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The Device Tree is a data structure for describing hardware. Rather than hard coding every detail of a device into an operating system, many aspect of the hardware can be described in a data structure that is passed to the operating system at boot time. The device tree is used both by Open Firmware, and in the standalone Flattened Device Tree (FDT) form.

See the Device Tree Usage page for more details.

The data structure itself is a simple tree of named nodes and properties. Nodes contain properties and child nodes. Properties are simple name-value pairs. The structure can hold any kind of data.

However, in order to be useful, device tree data must be laid out in a structure that operating systems can understand. A "bindings" is a description of how a device is described in the device tree. Bindings for a lot of devices are well established and documented. You can read about them in the existing ePAPR and IEEE 1275 (OpenFirmware) documentation.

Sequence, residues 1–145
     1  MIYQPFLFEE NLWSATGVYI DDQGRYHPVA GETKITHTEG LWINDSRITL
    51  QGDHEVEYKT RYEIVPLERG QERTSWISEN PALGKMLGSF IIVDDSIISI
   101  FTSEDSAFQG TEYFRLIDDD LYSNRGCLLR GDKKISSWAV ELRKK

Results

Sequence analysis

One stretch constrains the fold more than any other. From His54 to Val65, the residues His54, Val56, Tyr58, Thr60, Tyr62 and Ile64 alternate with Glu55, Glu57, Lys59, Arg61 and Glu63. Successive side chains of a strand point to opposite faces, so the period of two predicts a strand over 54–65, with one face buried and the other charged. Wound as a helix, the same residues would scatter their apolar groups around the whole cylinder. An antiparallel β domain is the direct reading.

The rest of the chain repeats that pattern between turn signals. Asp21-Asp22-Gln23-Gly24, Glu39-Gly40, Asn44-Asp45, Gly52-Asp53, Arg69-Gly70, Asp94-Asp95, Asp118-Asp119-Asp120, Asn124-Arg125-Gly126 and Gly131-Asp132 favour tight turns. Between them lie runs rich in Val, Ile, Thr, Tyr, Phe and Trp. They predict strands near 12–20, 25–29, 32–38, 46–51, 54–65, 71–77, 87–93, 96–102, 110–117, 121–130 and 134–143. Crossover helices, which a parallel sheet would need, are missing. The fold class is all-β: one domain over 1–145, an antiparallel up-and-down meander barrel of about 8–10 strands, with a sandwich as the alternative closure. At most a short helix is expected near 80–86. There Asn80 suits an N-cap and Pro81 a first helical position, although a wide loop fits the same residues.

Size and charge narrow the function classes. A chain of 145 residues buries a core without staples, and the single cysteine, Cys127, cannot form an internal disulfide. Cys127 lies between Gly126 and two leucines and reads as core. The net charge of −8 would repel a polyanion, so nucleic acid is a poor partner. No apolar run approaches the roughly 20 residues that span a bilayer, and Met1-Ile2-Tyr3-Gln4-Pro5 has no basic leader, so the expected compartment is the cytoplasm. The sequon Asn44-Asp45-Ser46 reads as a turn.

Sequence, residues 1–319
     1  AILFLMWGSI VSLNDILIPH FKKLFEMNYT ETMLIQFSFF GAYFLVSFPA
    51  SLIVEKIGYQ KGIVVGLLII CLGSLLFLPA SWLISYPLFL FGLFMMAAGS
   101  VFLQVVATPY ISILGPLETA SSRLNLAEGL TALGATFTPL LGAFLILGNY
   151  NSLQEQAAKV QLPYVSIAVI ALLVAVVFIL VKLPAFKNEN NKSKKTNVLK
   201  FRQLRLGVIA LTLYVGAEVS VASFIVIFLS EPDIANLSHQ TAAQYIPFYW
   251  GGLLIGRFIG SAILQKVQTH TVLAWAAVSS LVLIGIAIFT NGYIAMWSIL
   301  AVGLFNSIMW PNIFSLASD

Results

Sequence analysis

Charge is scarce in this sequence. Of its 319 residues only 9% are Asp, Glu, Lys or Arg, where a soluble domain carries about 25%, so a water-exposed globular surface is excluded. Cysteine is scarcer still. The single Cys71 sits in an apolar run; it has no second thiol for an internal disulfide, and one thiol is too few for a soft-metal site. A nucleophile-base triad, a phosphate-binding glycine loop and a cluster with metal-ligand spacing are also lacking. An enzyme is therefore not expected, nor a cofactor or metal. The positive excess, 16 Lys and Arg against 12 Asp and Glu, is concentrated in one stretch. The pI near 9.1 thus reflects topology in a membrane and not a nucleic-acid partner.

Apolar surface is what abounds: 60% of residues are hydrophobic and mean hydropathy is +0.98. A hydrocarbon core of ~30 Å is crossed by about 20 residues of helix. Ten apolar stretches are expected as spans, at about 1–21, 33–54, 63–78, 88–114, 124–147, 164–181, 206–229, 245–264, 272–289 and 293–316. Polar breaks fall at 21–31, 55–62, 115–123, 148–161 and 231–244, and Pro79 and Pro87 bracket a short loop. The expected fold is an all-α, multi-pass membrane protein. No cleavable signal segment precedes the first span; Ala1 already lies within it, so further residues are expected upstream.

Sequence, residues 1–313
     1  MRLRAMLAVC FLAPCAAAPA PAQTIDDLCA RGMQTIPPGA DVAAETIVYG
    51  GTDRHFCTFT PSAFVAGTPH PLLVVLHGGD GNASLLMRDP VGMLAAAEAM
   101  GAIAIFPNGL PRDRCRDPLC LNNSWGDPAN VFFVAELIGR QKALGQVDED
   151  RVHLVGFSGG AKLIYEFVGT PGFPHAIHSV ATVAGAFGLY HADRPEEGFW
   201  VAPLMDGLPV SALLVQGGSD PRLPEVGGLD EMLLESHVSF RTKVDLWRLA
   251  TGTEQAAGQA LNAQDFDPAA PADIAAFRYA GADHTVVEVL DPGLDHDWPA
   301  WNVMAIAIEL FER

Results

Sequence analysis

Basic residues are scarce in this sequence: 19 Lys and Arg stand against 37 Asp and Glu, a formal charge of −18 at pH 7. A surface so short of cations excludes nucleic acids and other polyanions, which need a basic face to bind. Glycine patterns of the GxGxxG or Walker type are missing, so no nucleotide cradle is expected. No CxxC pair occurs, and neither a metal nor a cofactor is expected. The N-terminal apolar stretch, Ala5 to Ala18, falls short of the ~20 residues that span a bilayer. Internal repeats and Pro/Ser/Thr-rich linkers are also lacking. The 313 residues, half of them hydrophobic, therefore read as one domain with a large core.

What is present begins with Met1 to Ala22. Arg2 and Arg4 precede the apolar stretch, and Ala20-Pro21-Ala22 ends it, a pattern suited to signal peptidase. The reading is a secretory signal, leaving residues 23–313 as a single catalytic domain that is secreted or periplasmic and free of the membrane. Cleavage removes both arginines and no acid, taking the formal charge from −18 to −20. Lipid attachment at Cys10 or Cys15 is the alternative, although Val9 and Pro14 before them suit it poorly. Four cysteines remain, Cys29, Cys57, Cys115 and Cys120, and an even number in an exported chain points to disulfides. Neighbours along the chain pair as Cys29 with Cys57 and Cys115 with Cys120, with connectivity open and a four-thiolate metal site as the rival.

This site documents bindings not covered by either the ePAPR or IEEE 1275 specifications. If you need to describe a new device in the device tree, then you should document your binding on this site.

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Documentation Format

In almost all cases, bindings are identified by a specific 'compatible' property value in the device tree. Bindings are documented by creating a new page using the string "Compatible=" followed by the compatible value as the page name (ie. "Compatible=fsl,mpc5200"). Each binding page specifies the properties and child nodes that are expected and/or allowed for the binding.

Bindings are grouped into categories to make them easy to find an understand. Categories exist for types of devices (serial, Ethernet, framebuffer, etc), vendor companies, bus attachement, among others. See the Special:Categories page for the current list of categories. This is also a good place to start looking for existing bindings.

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